The Communication Workers Union has threatened to hold a national strike next month in a dispute with the postal group Consignia over pay and deliveries. The union has stated that a 24-hour strike will be held on May 8, the first such national strike since 1996. The union has said that a proposed 2.2 percent pay rise should not be linked to an agreement on longer delivery spans.

The union and Consignia are expected to hold talks on the new pay deal and deliveries shortly. The CWU said that the proposals by the company would prevent the trial of any union proposals for the future of postal deliveries. John Keggie, a CWU union representative, said: “Our patience has run out. Our members’ pay award is six months overdue and the business wants us to begin a mediation process that could last for months.” Keggie also said that talks would also be held with the ACAS conciliation service in a “last ditch effort” to avoid strikes.

Local authority workers in England, Wales and Northern Ireland reject pay offer

Public sector unions representing local government workers in England, Wales and Northern Ireland stated this week that industrial action could be held from June 10 if local authority employers do not increase their pay offer. Local authority employers have offered an increase of 3 percent, but many local authority staff in a union organised consultative ballot rejected this.

A strike could potentially involve more than a million council workers, including social workers, garbage men, school caretakers and cleaners.


General Strike in Burkina Faso

Unions in Burkina Faso called a two-day general strike last week, involving both public and private sector workers. Workers in telecoms, the power industry and banking took action and some schools were closed down. According to AFP the capital Ouagadougou was seriously affected, as well as the country’s second city, Bobo-Dioulasso.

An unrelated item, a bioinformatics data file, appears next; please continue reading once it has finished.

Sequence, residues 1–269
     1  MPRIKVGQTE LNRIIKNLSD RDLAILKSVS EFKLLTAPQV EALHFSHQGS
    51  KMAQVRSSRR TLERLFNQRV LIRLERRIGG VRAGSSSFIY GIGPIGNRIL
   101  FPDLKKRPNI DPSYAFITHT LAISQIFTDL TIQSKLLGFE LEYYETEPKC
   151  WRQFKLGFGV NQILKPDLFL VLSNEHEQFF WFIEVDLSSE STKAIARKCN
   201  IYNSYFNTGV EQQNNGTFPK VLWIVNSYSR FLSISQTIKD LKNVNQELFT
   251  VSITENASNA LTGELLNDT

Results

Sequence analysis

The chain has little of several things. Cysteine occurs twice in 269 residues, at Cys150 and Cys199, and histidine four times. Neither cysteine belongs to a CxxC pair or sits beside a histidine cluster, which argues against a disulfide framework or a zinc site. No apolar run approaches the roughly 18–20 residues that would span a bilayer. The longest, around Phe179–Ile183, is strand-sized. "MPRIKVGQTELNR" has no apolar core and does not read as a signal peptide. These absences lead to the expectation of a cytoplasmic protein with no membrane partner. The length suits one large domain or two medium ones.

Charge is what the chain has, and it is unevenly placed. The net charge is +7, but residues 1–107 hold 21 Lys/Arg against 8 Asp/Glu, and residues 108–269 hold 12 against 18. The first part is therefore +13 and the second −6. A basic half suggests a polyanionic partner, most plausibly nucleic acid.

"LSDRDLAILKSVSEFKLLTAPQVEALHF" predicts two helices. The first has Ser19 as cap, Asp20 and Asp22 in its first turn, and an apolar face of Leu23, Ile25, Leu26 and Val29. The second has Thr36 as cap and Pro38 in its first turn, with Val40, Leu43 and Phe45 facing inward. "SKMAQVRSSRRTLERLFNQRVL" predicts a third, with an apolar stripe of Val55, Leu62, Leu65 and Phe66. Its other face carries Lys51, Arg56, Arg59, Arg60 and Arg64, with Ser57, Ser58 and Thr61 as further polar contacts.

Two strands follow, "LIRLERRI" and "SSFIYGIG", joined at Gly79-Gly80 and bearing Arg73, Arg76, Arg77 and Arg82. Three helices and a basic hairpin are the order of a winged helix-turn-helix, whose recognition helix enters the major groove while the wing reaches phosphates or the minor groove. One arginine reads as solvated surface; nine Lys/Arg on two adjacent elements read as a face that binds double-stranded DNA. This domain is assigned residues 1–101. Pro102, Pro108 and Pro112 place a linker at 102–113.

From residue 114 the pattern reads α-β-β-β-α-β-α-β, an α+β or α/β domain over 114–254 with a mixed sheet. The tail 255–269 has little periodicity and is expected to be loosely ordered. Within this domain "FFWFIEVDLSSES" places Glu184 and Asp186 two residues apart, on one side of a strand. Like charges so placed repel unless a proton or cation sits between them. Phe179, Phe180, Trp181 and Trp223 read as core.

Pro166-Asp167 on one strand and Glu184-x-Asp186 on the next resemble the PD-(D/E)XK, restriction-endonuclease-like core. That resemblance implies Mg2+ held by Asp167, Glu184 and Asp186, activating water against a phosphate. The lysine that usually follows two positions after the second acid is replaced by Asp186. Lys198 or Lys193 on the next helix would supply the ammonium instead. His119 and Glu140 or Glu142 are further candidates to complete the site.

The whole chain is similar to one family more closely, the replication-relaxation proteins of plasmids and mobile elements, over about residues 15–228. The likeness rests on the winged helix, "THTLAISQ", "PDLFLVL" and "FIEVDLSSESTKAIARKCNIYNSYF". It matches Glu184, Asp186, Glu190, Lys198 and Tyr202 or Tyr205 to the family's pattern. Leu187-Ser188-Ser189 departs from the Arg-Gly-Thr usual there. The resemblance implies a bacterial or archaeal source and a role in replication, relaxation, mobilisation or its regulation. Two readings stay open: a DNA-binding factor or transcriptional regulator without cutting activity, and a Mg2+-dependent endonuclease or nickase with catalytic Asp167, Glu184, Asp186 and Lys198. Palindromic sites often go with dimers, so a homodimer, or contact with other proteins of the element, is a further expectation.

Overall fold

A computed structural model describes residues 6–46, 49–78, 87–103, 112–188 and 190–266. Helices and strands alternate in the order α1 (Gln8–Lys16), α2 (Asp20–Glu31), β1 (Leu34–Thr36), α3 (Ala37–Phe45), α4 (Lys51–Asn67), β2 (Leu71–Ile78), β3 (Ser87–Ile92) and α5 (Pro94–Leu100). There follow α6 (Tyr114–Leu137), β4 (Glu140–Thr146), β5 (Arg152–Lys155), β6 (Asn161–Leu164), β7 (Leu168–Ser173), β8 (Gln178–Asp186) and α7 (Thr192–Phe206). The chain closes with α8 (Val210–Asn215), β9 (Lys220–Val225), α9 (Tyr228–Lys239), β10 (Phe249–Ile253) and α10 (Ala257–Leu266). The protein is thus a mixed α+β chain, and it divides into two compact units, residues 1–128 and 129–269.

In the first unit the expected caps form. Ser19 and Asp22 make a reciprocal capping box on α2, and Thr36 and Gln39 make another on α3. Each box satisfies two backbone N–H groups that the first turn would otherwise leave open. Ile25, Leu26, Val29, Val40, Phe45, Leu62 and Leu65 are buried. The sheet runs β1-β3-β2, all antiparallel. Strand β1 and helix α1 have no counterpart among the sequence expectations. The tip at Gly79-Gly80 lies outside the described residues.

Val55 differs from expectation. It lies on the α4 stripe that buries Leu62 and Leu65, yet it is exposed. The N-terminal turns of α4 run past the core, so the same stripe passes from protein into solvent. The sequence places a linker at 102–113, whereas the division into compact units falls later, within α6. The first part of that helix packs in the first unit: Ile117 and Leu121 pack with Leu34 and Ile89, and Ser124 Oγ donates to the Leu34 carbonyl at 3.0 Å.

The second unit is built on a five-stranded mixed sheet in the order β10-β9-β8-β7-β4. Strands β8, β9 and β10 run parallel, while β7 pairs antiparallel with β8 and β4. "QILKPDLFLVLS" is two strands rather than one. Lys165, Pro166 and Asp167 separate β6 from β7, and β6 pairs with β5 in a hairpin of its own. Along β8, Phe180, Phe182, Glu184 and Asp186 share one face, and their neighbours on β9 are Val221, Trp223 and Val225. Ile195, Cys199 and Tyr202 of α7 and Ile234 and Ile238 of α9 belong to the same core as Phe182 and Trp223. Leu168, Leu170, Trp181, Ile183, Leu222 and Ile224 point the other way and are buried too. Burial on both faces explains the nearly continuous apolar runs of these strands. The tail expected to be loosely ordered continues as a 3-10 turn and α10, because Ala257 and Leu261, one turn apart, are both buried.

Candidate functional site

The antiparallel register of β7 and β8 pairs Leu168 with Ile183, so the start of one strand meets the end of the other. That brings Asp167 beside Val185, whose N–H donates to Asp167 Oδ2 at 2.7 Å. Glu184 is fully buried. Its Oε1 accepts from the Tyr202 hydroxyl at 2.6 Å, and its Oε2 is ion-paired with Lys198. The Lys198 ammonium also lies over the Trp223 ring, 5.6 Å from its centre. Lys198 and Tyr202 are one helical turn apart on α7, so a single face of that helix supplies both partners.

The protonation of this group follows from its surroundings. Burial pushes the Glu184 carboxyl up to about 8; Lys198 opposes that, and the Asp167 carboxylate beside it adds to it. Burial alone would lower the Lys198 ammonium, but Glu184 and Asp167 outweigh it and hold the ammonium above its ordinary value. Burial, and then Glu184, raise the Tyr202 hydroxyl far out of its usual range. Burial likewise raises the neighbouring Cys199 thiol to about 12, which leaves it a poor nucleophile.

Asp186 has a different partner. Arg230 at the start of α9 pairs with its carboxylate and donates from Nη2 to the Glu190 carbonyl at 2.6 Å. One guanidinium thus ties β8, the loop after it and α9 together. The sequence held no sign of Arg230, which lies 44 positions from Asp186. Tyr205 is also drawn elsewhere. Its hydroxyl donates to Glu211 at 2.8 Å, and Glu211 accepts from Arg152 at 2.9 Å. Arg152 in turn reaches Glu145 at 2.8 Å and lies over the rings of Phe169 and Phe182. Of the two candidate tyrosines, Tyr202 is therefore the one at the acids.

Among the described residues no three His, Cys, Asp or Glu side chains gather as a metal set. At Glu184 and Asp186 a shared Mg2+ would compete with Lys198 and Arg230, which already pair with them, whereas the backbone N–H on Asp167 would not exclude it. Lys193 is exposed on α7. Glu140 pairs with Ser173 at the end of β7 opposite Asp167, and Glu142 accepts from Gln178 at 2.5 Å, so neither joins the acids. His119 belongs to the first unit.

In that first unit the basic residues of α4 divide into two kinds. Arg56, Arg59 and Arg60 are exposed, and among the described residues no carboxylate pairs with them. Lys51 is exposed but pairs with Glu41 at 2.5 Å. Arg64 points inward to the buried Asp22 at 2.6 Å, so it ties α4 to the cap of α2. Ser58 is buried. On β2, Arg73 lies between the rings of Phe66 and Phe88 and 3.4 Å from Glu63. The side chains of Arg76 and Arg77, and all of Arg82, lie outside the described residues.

Workers were demanding a 25 percent pay rise and a 30 percent cut in income tax to offset a sharp rise in the cost of living. Secretary general of the Burkina National Workers’ Federation Laurent Ouedrago said, “This strike is a warning. If none of our demands are satisfied, we’ll take further action.”

Burkina Faso is one of the poorest countries in Africa, lacking in resources and suffering from recurring drought. Average income is $230 per annum. Recently the largest gold mine in the country was closed due to falling prices.

State sector workers strike in Nigeria

Civil servants in Oyo State, Nigeria, have taken strike action over the state’s refusal to pay the monthly minimum wage of N6,500 ($57) due to its financial difficulties. The state’s chief judge granted an injunction restraining the workers from continuing their action, but they remained on strike. Alhaji Adesina, the state governor, insisted that the strike was illegal and told the workers they would not be paid for the days they failed to report for duty.

Public sector workers in Plateau State embarked on indefinite strike action, despite a court order taken out against them. They are protesting non-payment of salaries for the months of December, January, February and March. The local State Commissioner of Finance and Economic Planning, Emmanuel Agati, declared that the state was experiencing a chronic cash shortage that he described as “a serious quagmire.” There had been an “unexpected” drop in the federal (national) allocation to the state and it was impossible to make the salary payments.